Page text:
Johnson, a music instructor, contends that ECAC’s board hasn’t made using the facility much easier, citing random closures and constant scheduling mix-ups.  He said he taught his last class in late June after growing tired of board leadership that often pestered him about whether he paid on time, and the amount he paid to use a room, especially after Shaff’s departure.

“It was impossible to keep my schedule or for someone to make rooms available when we already communicated,” said Johnson, who started teaching violin and piano in ECAC in 2013.

“Nothing was happening, and eventually I was asked to remove my teaching tools,” Johnson continued, alleging that board members still have his extensive music catalogue locked away in their second-floor office.

“I had instruments and a music library that I utilized for workshops. I was told [the ECAC board] was making changes, but it was very vague. It didn’t serve my purpose. They just kept questioning my payments.”

“The Sylvia Way”

After a successful career as a computer scientist, Sylvia Robinson purchased 733 Euclid Street NW out of a desire to create a space that integrated the traditional and non-traditional arts, education, social services, spiritual services, and other offerings.

The building had served as the National Association for the Relief of Destitute Colored Women and Children, which housed and educated orphaned children after the Civil War. Since 2005, Robinson had invested much of her time and resources renovating and maintaining the facility, which had no heating and cooling at one point, establishing a board of directors, and writing grants, among several other tasks. Her work carried on into the Georgia Avenue Community Development Task Force, through which she organized people and businesses in discussions with developers.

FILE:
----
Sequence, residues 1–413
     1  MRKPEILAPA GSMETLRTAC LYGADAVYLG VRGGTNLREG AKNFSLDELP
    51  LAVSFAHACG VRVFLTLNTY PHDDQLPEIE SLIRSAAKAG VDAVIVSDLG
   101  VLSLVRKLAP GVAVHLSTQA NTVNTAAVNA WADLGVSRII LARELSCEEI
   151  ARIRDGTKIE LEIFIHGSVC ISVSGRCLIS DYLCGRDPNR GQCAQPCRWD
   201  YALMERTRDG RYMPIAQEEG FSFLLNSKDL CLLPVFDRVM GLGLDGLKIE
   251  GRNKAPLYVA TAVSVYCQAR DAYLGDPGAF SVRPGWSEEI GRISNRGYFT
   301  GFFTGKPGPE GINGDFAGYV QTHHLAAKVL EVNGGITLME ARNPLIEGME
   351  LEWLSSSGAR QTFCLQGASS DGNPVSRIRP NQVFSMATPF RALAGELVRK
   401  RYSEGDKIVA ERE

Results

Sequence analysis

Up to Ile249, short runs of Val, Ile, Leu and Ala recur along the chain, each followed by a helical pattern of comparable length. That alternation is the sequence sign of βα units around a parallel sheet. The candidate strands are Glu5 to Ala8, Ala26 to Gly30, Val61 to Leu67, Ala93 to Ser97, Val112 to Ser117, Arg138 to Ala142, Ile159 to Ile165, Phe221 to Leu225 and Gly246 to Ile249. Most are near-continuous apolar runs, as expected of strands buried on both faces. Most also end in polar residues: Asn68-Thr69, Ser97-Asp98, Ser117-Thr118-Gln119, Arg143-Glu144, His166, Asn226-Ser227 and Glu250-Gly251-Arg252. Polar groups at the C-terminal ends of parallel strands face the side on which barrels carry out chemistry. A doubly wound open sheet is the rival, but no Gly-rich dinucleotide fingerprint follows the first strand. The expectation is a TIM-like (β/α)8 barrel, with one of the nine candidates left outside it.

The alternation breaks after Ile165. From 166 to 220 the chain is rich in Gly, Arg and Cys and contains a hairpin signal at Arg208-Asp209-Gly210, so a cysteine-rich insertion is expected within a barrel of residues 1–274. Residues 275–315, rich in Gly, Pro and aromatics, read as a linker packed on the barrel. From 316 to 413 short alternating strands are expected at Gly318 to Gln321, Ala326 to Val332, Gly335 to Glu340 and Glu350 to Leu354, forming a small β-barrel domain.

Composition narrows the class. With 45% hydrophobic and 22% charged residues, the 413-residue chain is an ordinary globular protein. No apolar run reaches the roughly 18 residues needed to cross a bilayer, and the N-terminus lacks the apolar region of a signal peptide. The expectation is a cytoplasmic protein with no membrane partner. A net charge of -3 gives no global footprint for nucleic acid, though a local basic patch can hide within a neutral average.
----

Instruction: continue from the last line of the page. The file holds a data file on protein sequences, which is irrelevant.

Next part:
Zakiya, Robinson’s life partner from 2012 until her death, said the direction ECAC’s board of directors wants to take 733 Euclid Street NW rejects the essence of what Robinson intended for the space.

“The board wants to run this place like We Works or any other corporate entity, which is not even the whole point of what Sylvia wanted to do,” said Zakiya.

“She was always concerned about community. Nothing that she worked hard to create is at ECAC,” he continued.

“There is no joy in this place. I’m still here and people call me to see if they can come in. I don’t have anything to do with ECAC. They’re calling like I’m in control. They need to start talking to the board and expressing their dismay.”

Sam P.K. Collins

Sam P.K. Collins has more than a decade of experience as a journalist, columnist and organizer. Sam, a millennial and former editor of WI Bridge, covers education, police brutality, politics, and other...